Though far from taking a nosedive, a long string of record financial growth came to a screeching halt last quarter when Cabletron first had to preannounce a sales shortfall and then divulge final earnings that remained flat, year over year.
Stagnant sales are never good sign for a networking company. The sector remains one of the fastest growing in the technology industry.
Now the company has turned to a telecommunications veteran to catapult the $1.4 billion player into a future where corporations and service providers will increasingly use networks to gain a competitive advantage over rivals. Early this month, Cabletron announced that founder, president and CEO Robert Levine was voluntarily stepping down and would be replaced by Don Reed, a president within Nynex.
The move reflects a desire on the company's part to expand from simply delivering equipment that connects multiple department sites together to dive into the market for gear that tackles worldwide internetworking chores, according to officials.
"We wanted to signal to Wall Street, to our customers, that we were bringing in someone to take us to the next level," said 42-year-old cofounder Craig Benson, who will step into the chairman slot from his COO post upon Levine's departure this fall. "This is a maturing of an industry that's taking place. I think we've got to show customers more value-added functionality on top of the basic products."
Cabletron, however, will continue to play to its strengths next week, according to sources, with a rollout of new switching gear based on its SmartSwitch 2200 and 6000 products that extend networks that currently share bandwidth to the switching world of dedicated access.
The company will also continue to compliment a management software product called Spectrum that is often viewed as one of the jewels in the Cabletron crown. A new version of the Spectrum Element Manager will add remote monitoring (RMON) of Token Ring networks and include support for Microsoft OLE (object linking and embedding) and relational databases.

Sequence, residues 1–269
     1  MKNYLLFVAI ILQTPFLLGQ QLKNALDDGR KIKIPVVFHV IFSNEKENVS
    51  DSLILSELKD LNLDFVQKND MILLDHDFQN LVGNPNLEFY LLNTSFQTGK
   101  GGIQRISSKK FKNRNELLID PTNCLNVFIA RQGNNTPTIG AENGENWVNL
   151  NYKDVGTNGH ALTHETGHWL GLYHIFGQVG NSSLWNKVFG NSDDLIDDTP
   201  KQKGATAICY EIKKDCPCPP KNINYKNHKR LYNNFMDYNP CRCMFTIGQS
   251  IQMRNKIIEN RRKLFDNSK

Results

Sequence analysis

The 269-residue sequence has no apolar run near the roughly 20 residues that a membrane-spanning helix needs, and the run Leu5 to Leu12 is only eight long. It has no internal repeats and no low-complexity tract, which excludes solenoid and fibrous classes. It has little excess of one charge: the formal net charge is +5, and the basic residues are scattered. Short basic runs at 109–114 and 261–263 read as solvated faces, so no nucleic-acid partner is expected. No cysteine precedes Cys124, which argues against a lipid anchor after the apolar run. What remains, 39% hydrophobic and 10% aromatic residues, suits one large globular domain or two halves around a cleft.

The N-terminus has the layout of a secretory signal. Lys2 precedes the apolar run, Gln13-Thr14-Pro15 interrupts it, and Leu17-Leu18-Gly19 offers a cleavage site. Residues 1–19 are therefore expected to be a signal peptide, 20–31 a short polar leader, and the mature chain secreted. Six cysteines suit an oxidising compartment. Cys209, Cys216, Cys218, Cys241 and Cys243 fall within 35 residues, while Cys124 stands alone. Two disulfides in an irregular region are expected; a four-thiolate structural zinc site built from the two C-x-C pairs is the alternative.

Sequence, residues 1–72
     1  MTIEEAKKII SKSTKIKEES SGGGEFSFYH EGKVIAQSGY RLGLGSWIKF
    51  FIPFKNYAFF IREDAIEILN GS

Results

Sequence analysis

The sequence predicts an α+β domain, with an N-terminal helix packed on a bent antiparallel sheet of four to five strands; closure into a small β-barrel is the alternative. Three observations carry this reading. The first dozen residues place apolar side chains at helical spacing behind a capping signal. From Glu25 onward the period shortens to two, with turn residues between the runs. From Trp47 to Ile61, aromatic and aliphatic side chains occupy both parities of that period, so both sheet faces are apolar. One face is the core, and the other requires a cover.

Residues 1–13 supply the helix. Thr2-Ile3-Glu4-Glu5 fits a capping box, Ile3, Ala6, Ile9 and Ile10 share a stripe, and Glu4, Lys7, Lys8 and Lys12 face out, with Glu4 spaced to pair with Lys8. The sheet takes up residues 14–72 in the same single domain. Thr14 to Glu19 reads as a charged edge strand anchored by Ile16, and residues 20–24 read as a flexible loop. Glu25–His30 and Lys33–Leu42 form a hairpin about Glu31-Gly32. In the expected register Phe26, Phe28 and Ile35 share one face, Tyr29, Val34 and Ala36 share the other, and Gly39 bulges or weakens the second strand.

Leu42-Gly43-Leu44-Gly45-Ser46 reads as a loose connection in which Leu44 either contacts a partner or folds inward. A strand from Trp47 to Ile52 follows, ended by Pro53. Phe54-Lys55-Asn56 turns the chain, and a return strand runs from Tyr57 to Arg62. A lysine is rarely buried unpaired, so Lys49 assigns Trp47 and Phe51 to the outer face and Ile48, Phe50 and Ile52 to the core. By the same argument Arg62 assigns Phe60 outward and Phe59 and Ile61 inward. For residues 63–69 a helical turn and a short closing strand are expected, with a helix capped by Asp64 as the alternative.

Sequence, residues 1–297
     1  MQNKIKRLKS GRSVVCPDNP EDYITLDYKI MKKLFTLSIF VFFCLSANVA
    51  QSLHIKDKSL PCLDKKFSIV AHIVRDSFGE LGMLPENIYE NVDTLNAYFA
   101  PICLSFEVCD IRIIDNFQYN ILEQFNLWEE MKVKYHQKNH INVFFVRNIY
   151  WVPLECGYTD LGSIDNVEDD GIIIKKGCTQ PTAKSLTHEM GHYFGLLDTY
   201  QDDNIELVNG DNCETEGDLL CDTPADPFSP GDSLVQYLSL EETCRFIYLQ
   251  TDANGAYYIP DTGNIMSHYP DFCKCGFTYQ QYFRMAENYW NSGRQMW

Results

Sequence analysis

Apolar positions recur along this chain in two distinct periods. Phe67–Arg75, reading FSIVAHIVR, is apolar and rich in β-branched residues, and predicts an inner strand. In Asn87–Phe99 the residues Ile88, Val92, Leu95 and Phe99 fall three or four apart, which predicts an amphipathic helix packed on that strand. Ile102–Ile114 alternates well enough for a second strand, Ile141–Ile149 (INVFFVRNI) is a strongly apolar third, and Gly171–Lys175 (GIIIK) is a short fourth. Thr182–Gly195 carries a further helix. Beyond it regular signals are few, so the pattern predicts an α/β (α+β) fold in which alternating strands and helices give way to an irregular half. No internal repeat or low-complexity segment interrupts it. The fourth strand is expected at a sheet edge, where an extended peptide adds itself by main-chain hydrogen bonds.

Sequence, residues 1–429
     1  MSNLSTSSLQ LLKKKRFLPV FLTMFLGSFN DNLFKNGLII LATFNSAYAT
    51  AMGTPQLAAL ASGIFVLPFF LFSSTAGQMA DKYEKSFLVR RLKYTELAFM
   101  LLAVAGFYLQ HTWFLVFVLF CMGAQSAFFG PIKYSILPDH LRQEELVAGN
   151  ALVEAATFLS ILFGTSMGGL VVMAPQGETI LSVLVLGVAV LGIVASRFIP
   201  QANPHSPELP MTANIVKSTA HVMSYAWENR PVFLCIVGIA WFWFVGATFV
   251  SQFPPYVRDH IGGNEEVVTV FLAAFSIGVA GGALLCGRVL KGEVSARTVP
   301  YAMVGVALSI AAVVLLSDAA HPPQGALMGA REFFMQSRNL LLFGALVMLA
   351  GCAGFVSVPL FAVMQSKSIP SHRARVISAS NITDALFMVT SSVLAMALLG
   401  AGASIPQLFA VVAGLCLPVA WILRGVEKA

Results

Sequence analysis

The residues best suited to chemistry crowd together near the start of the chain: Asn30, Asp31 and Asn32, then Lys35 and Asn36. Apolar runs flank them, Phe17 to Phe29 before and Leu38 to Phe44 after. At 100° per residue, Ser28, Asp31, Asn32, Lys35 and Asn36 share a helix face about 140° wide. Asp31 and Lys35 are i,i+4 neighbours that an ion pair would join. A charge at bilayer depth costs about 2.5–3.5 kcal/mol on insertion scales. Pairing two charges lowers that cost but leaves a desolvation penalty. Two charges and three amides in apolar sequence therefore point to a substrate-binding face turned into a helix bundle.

Cabletron is an anomaly in the networking industry. While the other three heavyweights--Cisco Systems, Bay Networks, and 3Com--operate from the hub of the technology universe, Silicon Valley, the fourth major player is tucked away in Rochester, New Hampshire, quietly attracting enough technology talent from college-rich New England and beyond to remain a viable option to their West Coast counterparts.
A unique culture has developed as a result, exemplified by Levine's sometimes in-your-face management style and love of weight-lifting. The executive plans to retire to spend more time with his family, noting in a farewell news conference that he'd "never run a multibillion dollar company before."
"Bob's unique. He's extremely colorful, he's energetic, he's a great motivator of people around him," Benson noted. "He doesn't dilly dally."
That confrontational essence within Cabletron has gotten it into trouble in some of its dealings with competitors and employees. After a series of advertisements that pointedly differentiated Cabletron products from Cisco gear last fall, Cisco pulled the company's licensing agreement for Cisco's IOS routing software out from under them. Some former employees have reportedly criticized the company's management style and workplace culture as well.
In recent months, however, Cabletron, has made a concerted effort to tone down its sometimes high-pitched rhetoric. The hiring of Reed is expected to continue this trend. It will also make easier Cabletron's entry into the telecommunications and service provider equipment space, a lucrative niche the company has been slow to embrace. A developing partnership with Northern Telecom also could be fruitful for the company in this area.
Cabletron has been a mainstay in connecting multiple sites together in campus environments by using switches and hubs that support a variety of LAN (local area network)-based technologies. But fast-growing Internet service provider and telecommunications companies want to offer value-added services to customers and are increasingly looking to networking vendors for help.
"That's really what they need to do to get to the next level," said Skip MacAskill, an analyst with the Gartner Group. "If they want to continue to be a tier-one player, they have to talk about enterprise issues, global issues."
"I do believe this problem got accelerated because of the fact that other players are doing reasonably well," added Craig Johnson, principal analyst for market watcher Current Analysis.
To ensure a bright future, Cabletron should also continue to expand its sales channels by offering resellers a genuine opportunity to implement the company's gear, analysts say. In the past, forays into this sales opportunity have not gone well for Cabletron, according to some. The company also needs to focus more resources on international sales, according to analysts and company officials. Otherwise, those New Hampshire winters may get even colder.